HO CHI MINH CITY -- Vietnam is emerging as a potential new world production center of textile products, as major global apparel makers are expanding their production in the Southeast Asian country.
Avery Dennison RBIS, a U.S. manufacturer of apparel labels and tags, and South Korean clothing maker Panko are building new plants in Vietnam, which is part of the Trans-Pacific Partnership trade liberalization pact among 12 Pacific Rim countries, including the U.S. and Japan.
In addition to low labor costs, expected cuts in tariffs under the agreement are drawing textile companies to the emerging country. According to one estimate, Vietnam's textile exports will double in the decade from 2015 to 6 trillion yen ($55 billion).
New kid on the block
At Avery's brand-new plant in Long An Province in southern Vietnam, state-of-the-art label printers are rolling off paper tags for global apparel brands such as Nike and Adidas. The plant, which came onstream in January, can print 10,000 tags per hour containing information like prices and materials used. Its production capacity is twice that of the old plant. The tags are then delivered to factories in the surrounding areas that mainly manufacture sports apparel.
Rishi Pardal, the company's vice president in charge of North Asia, says Vietnam will replace China as the principal hub of textile exports to Western and Japanese markets.
Panko is building a new plant in Quang Nam Province, central Vietnam, at a cost of $100 million. The company is responding to growing orders from global apparel brands, including Uniqlo. Choi Jae-ho, a director at Panko's local unit, said the company's sales increased 30% last year and the outlook is for a similar expansion this year, too.
China is still the dominant player in Asia's apparel business, with a total export value of 30 trillion yen. The figure dwarfs India's annual apparel exports of slightly less than 5 trillion yen, the second largest in Asia.
But rising labor costs, which have doubled in five years, are threatening China's status as the regional champion.
Textile exports from China fell last year for the first time in six years, signaling that apparel makers are looking to other countries with lower costs.
Vietnam clearly has the potential to become a serious challenger to China's supremacy in textile production and exports. In addition to low labor costs, which are nearly 60% less than in China, the TPP, which is expected to come into force around 2018, will further enhance Vietnam's competitiveness.
The trade pact will, for instance, immediately scrap tariffs averaging 20% on 70% of the items Vietnam exports to the U.S. Vietnam's advantage as an exporter will receive an additional boost from its free trade agreement with the EU, which is pending ratification.
To gain the most benefits from the tariff cuts under the TPP, a country needs to have both upstream and downstream sectors. In the textile industry, that means Vietnam needs both spinning and dying as well as sewing businesses.
Huntsman Textile Effects, a division of Huntsman and a leading manufacturer of textile dyes and chemicals, is seeking to capitalize on new business opportunities in Vietnam created by the trade accord.
The company used to transport dyes for yarns and cloths from a warehouse in Thailand to Vietnam, which took two to three weeks to deliver products after receiving orders. But, last year, Huntsman opened its own bonded warehouse in Dong Nai Province in southern Vietnam, which cut delivery times down to as short as four business days.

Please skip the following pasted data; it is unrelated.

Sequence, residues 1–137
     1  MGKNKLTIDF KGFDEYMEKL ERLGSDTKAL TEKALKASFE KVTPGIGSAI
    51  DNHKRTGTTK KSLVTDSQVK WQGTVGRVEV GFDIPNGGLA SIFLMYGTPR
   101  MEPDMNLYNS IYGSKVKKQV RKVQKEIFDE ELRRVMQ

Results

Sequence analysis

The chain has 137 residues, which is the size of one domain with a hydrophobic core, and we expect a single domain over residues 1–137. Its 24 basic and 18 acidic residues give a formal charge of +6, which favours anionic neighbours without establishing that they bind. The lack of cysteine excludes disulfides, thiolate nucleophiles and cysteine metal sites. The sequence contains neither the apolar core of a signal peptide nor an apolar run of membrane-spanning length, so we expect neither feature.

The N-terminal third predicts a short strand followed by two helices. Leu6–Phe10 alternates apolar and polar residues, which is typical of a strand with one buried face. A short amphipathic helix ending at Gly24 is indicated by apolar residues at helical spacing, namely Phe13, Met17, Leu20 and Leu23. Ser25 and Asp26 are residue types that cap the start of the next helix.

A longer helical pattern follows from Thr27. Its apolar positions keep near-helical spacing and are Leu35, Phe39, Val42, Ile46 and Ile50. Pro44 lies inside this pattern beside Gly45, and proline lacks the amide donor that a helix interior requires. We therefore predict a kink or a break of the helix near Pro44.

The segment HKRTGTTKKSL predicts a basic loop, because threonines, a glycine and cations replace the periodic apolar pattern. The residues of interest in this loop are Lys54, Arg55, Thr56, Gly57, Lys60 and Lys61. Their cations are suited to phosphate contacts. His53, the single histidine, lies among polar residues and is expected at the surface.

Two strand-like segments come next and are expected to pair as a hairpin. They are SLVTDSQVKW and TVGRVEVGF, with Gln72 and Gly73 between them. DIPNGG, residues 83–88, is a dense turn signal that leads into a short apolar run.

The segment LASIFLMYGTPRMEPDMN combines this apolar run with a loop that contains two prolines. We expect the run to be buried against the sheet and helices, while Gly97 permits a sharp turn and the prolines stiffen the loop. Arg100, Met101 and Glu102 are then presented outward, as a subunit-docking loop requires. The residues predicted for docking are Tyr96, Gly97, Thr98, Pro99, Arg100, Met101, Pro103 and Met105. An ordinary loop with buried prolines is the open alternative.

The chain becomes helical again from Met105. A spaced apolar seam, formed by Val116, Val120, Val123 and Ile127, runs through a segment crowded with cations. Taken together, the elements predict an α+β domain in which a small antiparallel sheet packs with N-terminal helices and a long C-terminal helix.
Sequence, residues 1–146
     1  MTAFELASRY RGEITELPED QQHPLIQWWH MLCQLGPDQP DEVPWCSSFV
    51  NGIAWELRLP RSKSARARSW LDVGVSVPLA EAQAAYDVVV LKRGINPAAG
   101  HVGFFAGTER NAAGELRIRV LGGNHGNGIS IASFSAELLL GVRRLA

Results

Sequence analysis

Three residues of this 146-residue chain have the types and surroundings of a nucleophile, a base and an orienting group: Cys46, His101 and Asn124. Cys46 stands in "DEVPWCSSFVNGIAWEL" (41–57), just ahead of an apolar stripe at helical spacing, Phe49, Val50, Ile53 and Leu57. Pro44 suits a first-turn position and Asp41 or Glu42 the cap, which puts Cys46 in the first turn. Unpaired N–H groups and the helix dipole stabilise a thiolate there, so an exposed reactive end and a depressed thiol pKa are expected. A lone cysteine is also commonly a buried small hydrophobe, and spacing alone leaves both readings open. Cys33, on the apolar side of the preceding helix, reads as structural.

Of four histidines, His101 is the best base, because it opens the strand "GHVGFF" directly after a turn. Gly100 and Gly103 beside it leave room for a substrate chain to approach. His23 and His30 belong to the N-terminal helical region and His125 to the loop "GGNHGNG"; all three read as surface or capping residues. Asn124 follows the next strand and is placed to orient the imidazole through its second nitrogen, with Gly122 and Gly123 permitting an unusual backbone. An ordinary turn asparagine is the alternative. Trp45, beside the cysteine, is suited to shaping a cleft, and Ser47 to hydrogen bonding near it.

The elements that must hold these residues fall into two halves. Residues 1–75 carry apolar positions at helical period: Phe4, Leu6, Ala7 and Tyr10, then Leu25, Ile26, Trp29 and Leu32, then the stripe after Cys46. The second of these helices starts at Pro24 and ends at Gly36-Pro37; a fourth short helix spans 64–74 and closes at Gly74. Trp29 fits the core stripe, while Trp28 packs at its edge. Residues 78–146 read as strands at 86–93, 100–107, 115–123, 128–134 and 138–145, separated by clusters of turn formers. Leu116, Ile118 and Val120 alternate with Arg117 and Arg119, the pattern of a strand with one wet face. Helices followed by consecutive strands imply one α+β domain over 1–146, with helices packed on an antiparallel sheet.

Getting in on the action
Even though China has not joined the TPP, Chinese textile companies are also expanding their operations in Vietnam.
Texhong Textile Group, a major Chinese textile manufacturer, has spent 600 million yuan ($92.6 million) to build new production facilities on 220,000 sq. meters of land it purchased in Quang Ninh Province in northern Vietnam. In partnership with a Hong Kong-based knitwear manufacturer, the company is planning to build up integrated textile manufacturing and sales operations in the country, starting with yarn production.
Hong Tianzhu, Texhong's chairman, said his company will seek to be the top player in Vietnam, which he describes as the biggest beneficiary of the TPP.
Shoe manufacturers are also expanding in Vietnam. Pou Chen of Taiwan, the world's largest contract manufacturer of footwear, which counts Nike and other major brands among its customers, made 42% of its products in Vietnam as of the end of 2015, compared with 25% in China.
Vietnam also accounted for 51% of production by Feng Tay Enterprises, Pou Chen's Taiwanese rival, in the first three months of 2016.
But Vietnam is facing tough challenges in its quest to become a global textile giant: Minimum wages in the country are rising at double-digit rates, and its underdeveloped petrochemical industry is limiting production capacity.
If it wants to become the world's new textile plant, Vietnam needs to quickly upgrade its industrial structure while its textile exports still maintain price competitiveness.
Other Asian countries are also trying to benefit from the TPP. Since the trade deal was truck in October last year, Indonesia, Thailand and the Philippines have announced their intention to join. These countries are clearly feeling pressure to keep up with their neighbors in global competition.
Foreign investment in Vietnam's textile industry totaled $5.7 billion in 2014-15, equal to nearly 70% of the accumulated investment over the past 20 years. Such rapid growth cannot be attributed solely to the TPP, but the trade pact has no doubt been a major factor.
The situation poses a puzzle for Japanese textile makers operating in countries such as Thailand and Indonesia. They must decide whether to expand into Vietnam now or wait for its neighbors to join the TPP.
Nikkei staff writers Kensaku Ihara in Taipei and Shinya Abe in Hong Kong contributed to this article.